Growth of supermassive black holes in the "light-weight" regime: the insights from the local Universe
Monday, 28 November 2022 7 a.m. — 8 a.m. MST
AURA Lecture Hall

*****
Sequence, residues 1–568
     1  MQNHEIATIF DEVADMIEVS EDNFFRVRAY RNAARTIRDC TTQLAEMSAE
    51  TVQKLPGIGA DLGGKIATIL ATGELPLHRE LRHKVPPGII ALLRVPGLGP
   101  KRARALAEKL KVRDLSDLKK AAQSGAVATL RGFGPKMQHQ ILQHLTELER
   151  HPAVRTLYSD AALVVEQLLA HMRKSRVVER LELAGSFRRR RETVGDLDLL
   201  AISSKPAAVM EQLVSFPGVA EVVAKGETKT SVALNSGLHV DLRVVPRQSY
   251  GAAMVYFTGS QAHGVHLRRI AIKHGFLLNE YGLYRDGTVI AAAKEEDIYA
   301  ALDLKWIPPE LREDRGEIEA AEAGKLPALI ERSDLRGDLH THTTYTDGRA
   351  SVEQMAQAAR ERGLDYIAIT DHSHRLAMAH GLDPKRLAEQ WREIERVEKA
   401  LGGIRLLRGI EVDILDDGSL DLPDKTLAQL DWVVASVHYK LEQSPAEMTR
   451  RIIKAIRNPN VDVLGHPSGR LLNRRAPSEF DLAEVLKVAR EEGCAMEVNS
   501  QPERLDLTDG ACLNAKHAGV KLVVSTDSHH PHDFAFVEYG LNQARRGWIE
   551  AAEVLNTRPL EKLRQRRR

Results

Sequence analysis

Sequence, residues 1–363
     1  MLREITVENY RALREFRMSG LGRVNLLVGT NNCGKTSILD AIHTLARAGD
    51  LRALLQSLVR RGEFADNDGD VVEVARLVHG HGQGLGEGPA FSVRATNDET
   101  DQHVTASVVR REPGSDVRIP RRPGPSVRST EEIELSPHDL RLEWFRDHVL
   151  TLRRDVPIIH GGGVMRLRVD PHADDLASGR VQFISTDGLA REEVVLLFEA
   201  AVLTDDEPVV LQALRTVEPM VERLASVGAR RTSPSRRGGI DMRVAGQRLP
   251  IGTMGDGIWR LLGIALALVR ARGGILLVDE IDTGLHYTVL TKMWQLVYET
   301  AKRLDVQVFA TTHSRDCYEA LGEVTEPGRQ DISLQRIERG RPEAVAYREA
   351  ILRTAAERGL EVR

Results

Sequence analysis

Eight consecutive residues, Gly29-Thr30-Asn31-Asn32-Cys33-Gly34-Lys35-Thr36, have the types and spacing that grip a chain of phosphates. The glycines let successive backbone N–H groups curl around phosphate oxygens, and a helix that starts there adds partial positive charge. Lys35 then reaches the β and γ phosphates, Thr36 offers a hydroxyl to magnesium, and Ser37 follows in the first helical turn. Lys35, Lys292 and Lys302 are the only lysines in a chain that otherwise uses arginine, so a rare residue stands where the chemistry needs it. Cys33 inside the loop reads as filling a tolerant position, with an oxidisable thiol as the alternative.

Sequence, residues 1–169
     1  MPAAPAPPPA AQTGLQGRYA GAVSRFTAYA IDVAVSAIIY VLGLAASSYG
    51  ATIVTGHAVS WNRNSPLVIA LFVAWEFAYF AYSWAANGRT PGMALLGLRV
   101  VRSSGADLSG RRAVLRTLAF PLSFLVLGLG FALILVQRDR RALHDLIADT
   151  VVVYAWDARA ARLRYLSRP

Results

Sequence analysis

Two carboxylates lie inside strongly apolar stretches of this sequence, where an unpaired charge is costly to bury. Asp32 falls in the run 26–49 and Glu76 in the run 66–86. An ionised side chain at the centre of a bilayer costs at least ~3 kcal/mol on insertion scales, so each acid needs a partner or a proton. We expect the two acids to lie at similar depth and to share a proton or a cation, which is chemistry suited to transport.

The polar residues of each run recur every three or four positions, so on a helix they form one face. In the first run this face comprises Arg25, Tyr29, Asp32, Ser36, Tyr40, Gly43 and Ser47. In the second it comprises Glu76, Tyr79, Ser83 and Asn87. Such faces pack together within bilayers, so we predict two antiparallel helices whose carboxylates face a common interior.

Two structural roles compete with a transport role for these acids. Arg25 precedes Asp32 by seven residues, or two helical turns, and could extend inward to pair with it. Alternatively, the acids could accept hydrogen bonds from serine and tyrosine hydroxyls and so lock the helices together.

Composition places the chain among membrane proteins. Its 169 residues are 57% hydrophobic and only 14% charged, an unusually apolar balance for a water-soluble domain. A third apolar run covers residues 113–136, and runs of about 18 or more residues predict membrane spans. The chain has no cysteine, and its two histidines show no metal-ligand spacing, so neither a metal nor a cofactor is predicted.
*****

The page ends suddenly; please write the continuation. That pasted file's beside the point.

A central supermassive black hole (SMBH) can be found in almost every massive galaxy in the local Universe, however there is no understanding on how the growth of SMBH occurred in the early stages of galaxy formation. It is still debated whether SMBHs originated from "light" (i.e. stellar mass BHs, 1e2 MSun) or "heavy" (i.e. direct collapse BHs 1e5 MSun) seeds. I will present our multi-wavelength observational campaign and discuss how the recent advances in the search of intermediate-mass black holes (IMBHs, 1e2 to 1e5 MSun) in the local Universe can help us to clarify the question of the SMBH formation. I will provide direct evidences of the IMBH growth by both intense accretion and via BH coalescence by: (1) presenting a sample of Eddington-limited and mildly super-Eddington IMBHs; (2) demonstrating the first example of an active 10:1 mass ratio IMBH binary hosted by a morphologically disturbed dwarf galaxy which perhaps experienced a recent minor merger. Understanding which of the two growth channels prevailed in the early Universe has a huge impact on our ability to detect black holes at high redshifts with next-generation facilities: if (super-)Eddington growth dominates then a EUV/X-ray mission (e.g. Athena) will become indispensable; if the growth happens mainly via mergers then LISA will become the key player.